rue Francs Bourgeois entrance and entry to the garden of Musée Carnavalet
Museums

New Entrance for Musée Carnavalet

rue Francs Bourgeois entrance and entry to the garden of Musée Carnavalet
rue Francs Bourgeois entrance and entry to the garden of Musée Carnavalet

Musée Carnavalet has a new entrance on rue des Francs-Bourgeois. Located in the Merchant Drapers’ house  (1660), it is bright, roomy and faces the garden. The cloakrooms and lockers are at the old entrance area. Using the Francs-Bourgeois entrance, pick up your head sets and take the arcade across the garden.

The cloakroom (vestiare) and lockers are free of charge for individual visitors and groups, to store coats, large umbrellas, rucksacks, etc, but not large items, nor valuables such as cameras, money, identity documents, fur coats, etc. Suitcases are not allowed. Put in your coin, take the key. Your coin is returned when you set the key back in the lock. (See photos below in the gallery.)

New admissions desk in "old" archeology building at Carnavalet Museum
New admissions desk in Pavillon des Marchands Drapiers house

Carnavalet is the oldest of the municipal museums (purchased by the City of Paris in 1866) and is comprised of several buildings joined together to form the museum. If you are using Google, right click on “translate this page” to read all of the various histories written in French.

Hôtel Carnavalet (The website in French, English and Spanish)
16, rue des Francs-Bourgeois 75003 Paris
Telephone : 01 44 59 58 58

Metro stations: Saint-Paul, or Chemin Vert
Bus lines: 29, 69, 76, 96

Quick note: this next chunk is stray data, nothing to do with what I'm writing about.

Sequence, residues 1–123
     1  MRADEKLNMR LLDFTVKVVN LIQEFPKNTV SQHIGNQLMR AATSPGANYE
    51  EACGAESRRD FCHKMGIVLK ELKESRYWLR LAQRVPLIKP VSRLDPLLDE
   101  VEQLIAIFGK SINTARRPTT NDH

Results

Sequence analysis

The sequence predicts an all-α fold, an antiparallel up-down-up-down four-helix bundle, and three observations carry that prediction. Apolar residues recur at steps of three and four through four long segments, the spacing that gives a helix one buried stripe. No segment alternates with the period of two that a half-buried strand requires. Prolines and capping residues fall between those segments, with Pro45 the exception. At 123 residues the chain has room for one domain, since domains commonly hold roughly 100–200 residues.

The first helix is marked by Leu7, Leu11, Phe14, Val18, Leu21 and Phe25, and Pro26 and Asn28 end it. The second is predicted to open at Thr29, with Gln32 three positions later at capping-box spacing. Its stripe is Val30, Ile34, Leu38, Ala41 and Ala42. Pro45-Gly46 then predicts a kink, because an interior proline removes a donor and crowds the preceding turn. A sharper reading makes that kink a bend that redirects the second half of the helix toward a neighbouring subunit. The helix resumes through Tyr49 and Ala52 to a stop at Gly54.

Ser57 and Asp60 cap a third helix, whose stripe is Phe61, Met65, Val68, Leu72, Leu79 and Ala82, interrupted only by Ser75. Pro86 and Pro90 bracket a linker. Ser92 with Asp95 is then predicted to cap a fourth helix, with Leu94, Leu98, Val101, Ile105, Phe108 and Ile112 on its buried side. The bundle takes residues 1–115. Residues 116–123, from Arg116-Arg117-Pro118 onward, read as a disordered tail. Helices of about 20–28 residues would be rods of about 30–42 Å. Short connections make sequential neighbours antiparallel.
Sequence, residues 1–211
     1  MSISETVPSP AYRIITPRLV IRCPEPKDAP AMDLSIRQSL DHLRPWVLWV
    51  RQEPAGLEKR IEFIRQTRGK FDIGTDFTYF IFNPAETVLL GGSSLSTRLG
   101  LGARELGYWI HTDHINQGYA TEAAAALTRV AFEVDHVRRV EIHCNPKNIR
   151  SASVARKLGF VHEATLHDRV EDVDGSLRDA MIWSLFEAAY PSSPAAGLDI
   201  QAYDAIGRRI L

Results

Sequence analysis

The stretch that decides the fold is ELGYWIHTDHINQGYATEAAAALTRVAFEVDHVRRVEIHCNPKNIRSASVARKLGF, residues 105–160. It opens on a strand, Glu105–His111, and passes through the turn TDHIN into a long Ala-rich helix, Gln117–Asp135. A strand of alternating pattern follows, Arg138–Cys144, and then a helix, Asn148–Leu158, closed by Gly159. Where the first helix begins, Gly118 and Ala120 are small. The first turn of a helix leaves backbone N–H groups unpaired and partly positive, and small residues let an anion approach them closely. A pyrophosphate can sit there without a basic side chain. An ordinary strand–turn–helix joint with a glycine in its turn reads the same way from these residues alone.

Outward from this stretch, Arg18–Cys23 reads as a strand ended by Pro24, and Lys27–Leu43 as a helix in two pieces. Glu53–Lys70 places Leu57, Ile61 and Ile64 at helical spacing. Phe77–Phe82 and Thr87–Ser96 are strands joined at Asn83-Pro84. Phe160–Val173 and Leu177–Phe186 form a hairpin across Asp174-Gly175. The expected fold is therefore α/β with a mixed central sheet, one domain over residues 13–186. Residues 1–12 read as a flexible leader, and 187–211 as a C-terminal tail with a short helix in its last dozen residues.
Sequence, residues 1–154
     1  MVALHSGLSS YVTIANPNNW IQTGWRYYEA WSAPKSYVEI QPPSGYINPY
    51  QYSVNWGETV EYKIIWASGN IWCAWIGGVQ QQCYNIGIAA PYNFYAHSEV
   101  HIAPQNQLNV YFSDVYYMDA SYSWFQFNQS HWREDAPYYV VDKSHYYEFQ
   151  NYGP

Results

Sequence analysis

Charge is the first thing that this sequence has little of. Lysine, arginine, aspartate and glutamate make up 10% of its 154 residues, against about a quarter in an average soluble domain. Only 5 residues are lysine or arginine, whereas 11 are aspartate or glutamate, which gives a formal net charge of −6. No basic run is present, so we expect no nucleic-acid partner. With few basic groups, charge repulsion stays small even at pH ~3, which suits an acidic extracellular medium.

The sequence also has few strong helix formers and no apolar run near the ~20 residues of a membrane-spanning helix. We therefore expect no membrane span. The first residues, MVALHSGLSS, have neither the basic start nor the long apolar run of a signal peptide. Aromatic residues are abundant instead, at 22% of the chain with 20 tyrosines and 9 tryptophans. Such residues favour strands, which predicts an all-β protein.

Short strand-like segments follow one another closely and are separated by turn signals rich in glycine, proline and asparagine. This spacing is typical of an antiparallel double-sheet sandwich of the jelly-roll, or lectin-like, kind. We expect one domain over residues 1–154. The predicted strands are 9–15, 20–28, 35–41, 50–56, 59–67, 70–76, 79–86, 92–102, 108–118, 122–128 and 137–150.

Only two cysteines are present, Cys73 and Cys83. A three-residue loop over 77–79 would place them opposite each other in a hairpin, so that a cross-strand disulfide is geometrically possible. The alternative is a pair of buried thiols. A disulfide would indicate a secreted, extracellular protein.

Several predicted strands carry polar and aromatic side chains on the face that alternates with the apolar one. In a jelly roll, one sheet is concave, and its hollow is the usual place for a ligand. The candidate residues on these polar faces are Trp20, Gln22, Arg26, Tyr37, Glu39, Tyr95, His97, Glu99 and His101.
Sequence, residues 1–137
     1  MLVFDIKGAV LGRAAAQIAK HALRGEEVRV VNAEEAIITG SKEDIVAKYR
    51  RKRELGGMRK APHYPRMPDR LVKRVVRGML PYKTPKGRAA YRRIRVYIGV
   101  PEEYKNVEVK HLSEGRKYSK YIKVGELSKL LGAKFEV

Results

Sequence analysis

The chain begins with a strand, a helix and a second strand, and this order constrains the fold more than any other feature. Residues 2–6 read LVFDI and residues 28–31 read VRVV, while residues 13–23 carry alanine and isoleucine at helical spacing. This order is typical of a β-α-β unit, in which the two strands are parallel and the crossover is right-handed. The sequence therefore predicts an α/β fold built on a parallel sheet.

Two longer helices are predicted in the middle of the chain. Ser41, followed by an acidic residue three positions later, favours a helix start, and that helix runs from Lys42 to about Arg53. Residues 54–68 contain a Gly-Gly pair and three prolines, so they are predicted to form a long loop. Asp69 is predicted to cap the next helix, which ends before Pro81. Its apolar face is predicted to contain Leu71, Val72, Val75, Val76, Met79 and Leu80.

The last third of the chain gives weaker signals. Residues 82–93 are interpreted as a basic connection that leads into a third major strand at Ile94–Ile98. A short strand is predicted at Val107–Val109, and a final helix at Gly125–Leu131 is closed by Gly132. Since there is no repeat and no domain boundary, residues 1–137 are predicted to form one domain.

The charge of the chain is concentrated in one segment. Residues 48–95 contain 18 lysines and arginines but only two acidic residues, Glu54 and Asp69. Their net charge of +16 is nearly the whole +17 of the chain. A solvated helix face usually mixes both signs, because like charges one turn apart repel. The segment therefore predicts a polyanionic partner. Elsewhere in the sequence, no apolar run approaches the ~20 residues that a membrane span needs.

Open: Tuesday to Sunday 10 a.m. to 6 p.m., except public holidays, Easter Sunday and Whit Sunday. Last entrance at 5:30 p.m. Ticket office closes at 5 p.m.

Some galleries are open in alternation. A schedule is available daily at the museum reception desk.

The public holidays are January,1 and May 8, Easter Sunday, Ascension Feast Day, Whit Sunday, July 14 and August 14 (Assumption Feast Day), November 1 and 11, December 25.

Carnavalet FrancsBourgeois Carnavalet entry FrancsBourgeois colleensparis Carnavalet entry garden colleensparis Carnavalet entrance desk colleensparis Carnavalet garden colleensparis Carnavalet walk way garden colleensparis Carnavalet coat check colleensparis Carnavalet small lockers colleensparis Carnavalet large lockers colleensparis Carnavalet visitorguide colleensparis Carnavalet interior colleensparis
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Musée Carnavalet has small lockers next to coat check. Deposit a coin, close, take the key and your money will be returned when you reopen the locker

This Web site and and its blog articles are for travelers to Paris who are looking for advice from someone who lives in Paris. These tips are "for Parisians at heart". Many people would like to visit, some can and some cannot - so I will help you enjoy a glimpse of the city and its surroundings. This project has been ongoing since 2002. Prior to living in Paris (since 1992) my European history began in the early 70s with three years in Wiesbaden, Germany. My next foray onto the Continent was in the mid-80s after graduation from the University of Florida (where I met Erik): traveling around Europe and UK with my friend, Margie, hitchhiking around and working in Ireland. After living and working as a journalist in Sweden for four years, traveling on boats, the Trans-Siberian Railway, local trains and planes took Erik and I around the world. I began working as a flight attendant in 1990 for American Airlines, based in Chicago. We moved to Paris, France in 1992 where I commuted between Paris and Chicago for my flight attendant/stewardess job. Finally my inner voice said "Stop!" and I left American Airlines six weeks shy of 20 years January 1, 2010. Now that is over and I am back working as a journalist and photographer full time on Colleensparis.com - My videos are posted on YouTube on the colleensparis youtube channel. and I am active in Toastmasters 75. Enjoy!